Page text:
If you’re working overseas on a United States government contract, you’re likely to be covered by the Defense Base Act (DBA). It offers benefits to compensate you for injuries or disabilities you received on the job. What is the DBA, exactly, and how does it work? Keep reading to learn the basics.
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The Defense Base Act was first established in 1941 as an extension of the Longshore and Harbor Workers Compensation Act (LHWCA). While the LHWCA gave workers’ compensation benefits to employees working on overseas US military territory, the DBA was added and later expanded to offer a wider scope of coverage.
In addition to LHWCA coverage, the DBA provides benefits for an injured employee’s medical expenses, a portion of their wages for the injury’s duration, and medically necessary ongoing treatments for any permanent injuries or disabilities.
go here Who is protected?
Most contracts with a United States government agency now require DBA coverage for work performed outside of the US, even if they aren’t military in nature. According to the Department of Labor, you generally get DBA coverage under six main categories:
Who is not covered?
Anyone who meets the criteria gets coverage regardless of their nationality or citizenship. However, you don’t get DBA coverage in the following three cases:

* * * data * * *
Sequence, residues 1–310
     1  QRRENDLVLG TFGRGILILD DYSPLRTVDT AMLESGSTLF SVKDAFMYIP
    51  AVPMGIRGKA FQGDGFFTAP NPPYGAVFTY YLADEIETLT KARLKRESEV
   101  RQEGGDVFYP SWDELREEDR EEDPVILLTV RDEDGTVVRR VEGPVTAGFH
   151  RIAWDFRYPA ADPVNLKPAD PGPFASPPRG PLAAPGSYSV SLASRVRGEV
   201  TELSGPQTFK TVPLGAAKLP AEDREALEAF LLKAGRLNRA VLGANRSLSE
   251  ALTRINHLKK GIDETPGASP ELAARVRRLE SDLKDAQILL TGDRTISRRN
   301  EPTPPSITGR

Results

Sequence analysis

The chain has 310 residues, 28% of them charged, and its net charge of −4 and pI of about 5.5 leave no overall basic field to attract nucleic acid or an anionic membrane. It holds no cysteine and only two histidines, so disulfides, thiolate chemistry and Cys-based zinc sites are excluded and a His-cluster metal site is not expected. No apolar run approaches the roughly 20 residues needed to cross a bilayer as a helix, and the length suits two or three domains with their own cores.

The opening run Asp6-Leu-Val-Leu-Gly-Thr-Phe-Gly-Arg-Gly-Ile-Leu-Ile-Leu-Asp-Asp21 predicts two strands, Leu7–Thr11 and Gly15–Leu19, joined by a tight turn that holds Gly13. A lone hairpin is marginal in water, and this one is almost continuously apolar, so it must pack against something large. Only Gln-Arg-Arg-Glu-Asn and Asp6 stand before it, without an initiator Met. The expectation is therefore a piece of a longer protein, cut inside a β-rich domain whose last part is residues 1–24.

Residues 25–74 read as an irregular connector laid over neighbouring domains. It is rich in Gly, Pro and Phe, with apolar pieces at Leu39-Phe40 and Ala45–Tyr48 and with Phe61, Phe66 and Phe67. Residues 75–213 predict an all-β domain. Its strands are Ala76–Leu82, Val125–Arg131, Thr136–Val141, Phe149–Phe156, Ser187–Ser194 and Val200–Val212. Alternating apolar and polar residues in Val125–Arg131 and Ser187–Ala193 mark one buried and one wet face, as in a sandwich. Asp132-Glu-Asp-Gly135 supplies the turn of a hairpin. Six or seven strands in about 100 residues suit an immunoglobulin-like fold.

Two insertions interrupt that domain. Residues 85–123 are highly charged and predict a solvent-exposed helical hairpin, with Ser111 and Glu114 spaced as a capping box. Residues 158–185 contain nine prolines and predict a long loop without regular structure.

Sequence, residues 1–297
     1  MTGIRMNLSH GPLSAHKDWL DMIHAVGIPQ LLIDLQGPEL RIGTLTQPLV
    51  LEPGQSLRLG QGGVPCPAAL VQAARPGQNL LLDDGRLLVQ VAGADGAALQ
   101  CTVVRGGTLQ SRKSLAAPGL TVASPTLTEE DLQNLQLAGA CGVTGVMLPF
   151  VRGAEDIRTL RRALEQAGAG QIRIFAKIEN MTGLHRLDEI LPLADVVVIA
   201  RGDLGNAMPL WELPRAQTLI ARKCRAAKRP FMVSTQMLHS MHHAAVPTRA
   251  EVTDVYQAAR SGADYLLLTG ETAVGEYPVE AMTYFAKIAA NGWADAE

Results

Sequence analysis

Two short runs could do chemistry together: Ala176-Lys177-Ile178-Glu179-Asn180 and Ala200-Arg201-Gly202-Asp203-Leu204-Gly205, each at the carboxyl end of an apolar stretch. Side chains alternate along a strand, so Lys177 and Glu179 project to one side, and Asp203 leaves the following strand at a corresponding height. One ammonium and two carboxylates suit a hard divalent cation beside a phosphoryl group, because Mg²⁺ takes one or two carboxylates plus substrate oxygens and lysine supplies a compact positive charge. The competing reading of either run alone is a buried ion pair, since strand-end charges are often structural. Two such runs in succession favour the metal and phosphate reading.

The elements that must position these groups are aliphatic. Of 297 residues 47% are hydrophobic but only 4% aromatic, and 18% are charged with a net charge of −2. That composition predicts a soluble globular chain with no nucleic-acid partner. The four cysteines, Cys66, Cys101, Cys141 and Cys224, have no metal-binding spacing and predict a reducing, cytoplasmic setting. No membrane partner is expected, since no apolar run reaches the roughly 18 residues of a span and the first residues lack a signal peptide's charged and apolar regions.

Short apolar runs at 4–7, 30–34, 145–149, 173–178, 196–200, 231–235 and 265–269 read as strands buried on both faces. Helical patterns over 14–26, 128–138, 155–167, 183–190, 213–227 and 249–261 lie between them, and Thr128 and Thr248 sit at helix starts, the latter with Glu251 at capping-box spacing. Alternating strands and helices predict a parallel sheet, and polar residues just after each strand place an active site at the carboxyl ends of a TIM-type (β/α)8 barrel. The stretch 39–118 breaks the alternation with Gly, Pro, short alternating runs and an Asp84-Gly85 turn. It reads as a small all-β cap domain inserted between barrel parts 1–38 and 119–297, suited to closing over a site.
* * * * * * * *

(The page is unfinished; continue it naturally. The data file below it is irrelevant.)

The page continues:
What can you recover?
Your compensation benefits are calculated as two-thirds of your average weekly wage, although there is a maximum weekly rate. You are also entitled to any medical treatment required by your injury. Death benefits are paid to a surviving spouse or child at one-half of the employee’s average weekly earnings, or at two-thirds if there are two or more eligible survivors, with a maximum rate per week. You may also be able to cover losses like funeral expenses, lost earnings, and more.
What injuries are covered?
The DBA covers any work-related injuries. If you were injured or your loved one was killed during the course of employment, or as a result of work duties, you are most likely entitled to receive benefits under the Act.
If you are injured on the job, get medical attention and notify your supervisor as soon as possible. You should then get in touch with a reputable attorney to make sure you’re compensated fairly. You may even wish to seek out benefits for delayed onset injuries like post-traumatic stress disorder (PTSD) and traumatic brain injury (TBI). Call Military Justice Attorneys to make use of our expertise in the realm of DBA claims. We will fight for your right to fair and just compensation.